The recent VCCCAR Annual Forum featured an industry roundtable breakfast, chaired by Anne Barker of City West Water, to discuss industry and adaptation to climate change. The roundtable was attended by a couple of dozen people from industry, public policy and research. The discussion was really interesting, with industry representatives talking about the opportunities they were pursuing, how targeted R&D could keep down product prices (e.g., in housing construction) and what kinds of supporting policy they would like to see. There are clearly lots of opportunities for collaboration between research and industry but they won’t be successful without close cooperation.
As part of the roundtable, an Industry Roundtable Context Paper (pdf download) was prepared by Celeste Young and myself. We tried to keep it simple and direct. It’s scope is also limited to Victoria, but we hope it also is relevant in a broader context. The main points are (not rocket science!): Read the rest of this entry »
The following article was written for an online publication but never made it out the door. It describes the recent Victorian Centre of Climate Change Adaptation Research Annual Forum. It seems a pity to waste, so here it is. Co-written with a colleague, Celeste Young.
When the Intergovernmental Panel on Climate Change started researching adaptation in the early 1990s, the relationship between science and policy was viewed differently to how it is today. The IPCC’s brief was to offer policy-relevant, not policy-prescriptive advice. Policymakers would take scientist’s findings on climate change and impacts and develop adaptation policy to manage those impacts. These findings were contained in a report handed over from the science to the policy community every five years or so.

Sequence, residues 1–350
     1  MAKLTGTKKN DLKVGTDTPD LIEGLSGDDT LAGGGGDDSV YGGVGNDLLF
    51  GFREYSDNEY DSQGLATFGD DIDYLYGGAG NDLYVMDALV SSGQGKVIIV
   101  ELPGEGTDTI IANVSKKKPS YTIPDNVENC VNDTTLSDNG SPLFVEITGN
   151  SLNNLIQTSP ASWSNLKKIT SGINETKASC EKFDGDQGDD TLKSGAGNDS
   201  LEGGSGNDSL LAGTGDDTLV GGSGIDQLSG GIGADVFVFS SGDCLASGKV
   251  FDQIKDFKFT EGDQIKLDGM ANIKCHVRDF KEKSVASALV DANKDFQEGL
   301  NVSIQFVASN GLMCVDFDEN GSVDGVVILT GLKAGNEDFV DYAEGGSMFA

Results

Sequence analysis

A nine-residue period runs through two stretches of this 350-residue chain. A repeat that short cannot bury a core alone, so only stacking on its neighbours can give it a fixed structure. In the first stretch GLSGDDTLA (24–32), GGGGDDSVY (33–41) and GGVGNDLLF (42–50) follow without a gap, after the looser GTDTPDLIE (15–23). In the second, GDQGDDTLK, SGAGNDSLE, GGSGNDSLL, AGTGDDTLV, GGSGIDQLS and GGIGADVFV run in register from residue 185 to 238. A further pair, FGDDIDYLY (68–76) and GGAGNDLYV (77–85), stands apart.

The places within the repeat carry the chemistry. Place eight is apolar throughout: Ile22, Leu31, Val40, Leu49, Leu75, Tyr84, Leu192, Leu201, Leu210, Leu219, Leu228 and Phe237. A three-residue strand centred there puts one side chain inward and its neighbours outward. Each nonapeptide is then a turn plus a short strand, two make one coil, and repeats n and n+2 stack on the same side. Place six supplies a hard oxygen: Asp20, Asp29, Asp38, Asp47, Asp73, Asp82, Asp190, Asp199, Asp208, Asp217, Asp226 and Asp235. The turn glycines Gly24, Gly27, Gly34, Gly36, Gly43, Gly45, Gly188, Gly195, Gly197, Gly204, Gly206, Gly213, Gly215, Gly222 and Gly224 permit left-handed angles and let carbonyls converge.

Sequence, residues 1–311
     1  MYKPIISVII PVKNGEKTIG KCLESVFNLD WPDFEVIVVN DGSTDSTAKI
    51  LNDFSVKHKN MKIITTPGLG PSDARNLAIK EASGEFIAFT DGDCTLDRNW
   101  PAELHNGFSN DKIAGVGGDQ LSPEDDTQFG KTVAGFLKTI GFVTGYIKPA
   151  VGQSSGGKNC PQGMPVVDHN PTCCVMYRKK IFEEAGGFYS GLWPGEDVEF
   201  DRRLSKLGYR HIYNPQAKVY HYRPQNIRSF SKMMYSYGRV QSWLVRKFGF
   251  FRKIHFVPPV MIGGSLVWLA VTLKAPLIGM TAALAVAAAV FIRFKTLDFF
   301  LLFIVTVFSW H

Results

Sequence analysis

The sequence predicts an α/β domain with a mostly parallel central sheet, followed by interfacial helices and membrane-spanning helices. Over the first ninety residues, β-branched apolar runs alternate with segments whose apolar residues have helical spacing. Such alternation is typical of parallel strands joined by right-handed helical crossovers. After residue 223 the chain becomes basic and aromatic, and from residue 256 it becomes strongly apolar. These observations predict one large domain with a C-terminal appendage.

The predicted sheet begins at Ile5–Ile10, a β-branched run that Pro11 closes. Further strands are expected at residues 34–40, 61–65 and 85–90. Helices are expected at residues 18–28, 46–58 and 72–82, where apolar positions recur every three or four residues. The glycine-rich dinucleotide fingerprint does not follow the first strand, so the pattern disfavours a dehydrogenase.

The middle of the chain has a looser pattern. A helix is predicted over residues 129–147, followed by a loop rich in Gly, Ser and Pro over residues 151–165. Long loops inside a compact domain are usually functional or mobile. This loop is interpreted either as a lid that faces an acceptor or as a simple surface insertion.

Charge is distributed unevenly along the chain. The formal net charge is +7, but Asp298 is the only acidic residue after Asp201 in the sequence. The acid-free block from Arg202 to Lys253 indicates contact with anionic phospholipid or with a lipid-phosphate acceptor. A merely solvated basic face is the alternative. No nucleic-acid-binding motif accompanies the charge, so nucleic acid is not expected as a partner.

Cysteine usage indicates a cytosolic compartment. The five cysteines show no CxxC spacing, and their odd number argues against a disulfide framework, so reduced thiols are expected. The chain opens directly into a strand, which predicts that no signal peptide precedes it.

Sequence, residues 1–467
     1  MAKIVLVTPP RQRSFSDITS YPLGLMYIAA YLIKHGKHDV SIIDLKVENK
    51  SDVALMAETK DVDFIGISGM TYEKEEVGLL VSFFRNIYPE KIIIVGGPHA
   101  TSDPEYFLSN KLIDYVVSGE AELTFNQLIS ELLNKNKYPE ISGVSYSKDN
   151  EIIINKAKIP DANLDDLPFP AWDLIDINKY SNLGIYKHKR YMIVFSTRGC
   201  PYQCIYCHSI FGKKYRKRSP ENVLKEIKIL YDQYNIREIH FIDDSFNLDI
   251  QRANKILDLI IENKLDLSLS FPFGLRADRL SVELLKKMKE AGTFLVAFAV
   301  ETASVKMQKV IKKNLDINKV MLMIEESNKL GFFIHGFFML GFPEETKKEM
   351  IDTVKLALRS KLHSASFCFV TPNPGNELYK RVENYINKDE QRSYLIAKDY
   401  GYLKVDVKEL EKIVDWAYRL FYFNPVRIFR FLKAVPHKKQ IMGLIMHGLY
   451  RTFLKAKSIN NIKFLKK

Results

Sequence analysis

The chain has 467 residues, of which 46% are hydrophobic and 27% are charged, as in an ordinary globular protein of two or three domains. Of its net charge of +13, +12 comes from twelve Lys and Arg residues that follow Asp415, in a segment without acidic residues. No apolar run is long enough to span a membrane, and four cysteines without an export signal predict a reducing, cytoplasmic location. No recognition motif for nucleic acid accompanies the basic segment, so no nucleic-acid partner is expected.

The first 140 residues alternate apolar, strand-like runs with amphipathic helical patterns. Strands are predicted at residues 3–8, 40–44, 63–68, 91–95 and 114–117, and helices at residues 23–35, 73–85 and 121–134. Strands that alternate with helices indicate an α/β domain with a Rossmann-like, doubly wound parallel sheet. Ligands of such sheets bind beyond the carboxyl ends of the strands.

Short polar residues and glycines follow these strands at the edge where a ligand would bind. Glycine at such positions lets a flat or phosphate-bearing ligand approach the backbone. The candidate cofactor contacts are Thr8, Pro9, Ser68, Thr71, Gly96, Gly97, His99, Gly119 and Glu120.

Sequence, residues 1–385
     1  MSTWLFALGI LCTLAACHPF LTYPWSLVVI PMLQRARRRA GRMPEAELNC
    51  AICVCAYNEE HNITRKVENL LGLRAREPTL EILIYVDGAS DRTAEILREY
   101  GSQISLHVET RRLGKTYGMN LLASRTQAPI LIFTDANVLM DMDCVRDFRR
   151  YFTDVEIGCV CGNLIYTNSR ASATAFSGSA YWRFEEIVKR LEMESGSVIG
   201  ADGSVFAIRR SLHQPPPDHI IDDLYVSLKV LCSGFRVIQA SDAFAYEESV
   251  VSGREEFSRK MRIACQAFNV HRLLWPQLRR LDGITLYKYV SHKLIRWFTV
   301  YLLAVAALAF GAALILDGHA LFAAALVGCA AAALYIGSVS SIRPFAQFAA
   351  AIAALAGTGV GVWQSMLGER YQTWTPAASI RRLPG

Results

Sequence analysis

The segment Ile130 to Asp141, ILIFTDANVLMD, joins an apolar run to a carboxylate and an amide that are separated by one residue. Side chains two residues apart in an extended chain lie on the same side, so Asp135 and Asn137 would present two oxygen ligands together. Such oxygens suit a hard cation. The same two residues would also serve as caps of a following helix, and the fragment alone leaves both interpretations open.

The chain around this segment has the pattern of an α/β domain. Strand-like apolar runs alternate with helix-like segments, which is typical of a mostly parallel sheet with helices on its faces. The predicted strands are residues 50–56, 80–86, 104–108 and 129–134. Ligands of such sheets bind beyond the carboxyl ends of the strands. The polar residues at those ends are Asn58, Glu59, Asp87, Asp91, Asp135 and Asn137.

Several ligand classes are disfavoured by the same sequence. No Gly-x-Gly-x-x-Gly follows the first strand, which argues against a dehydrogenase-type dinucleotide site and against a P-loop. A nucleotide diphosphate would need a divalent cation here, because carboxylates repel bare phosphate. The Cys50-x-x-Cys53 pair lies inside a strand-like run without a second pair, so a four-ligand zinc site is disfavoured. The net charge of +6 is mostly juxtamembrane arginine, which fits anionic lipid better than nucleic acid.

Times have changed. Adaptation scholars looked at this methodology (automatic download of pdf) and said “IPCC, You’re doin’ it wrong!” Adaptation is a social process. The focus has therefore shifted from getting better predictions out of science to getting a better understanding of decision-making under climate change. Sure, adaptation needs information on how the climate may change but adaptation decisions are made using information from many other sources; such as “what changes are we seeing in markets, policy, society and the environment?” And, most importantly, “what are the goals of people doing adaptation?”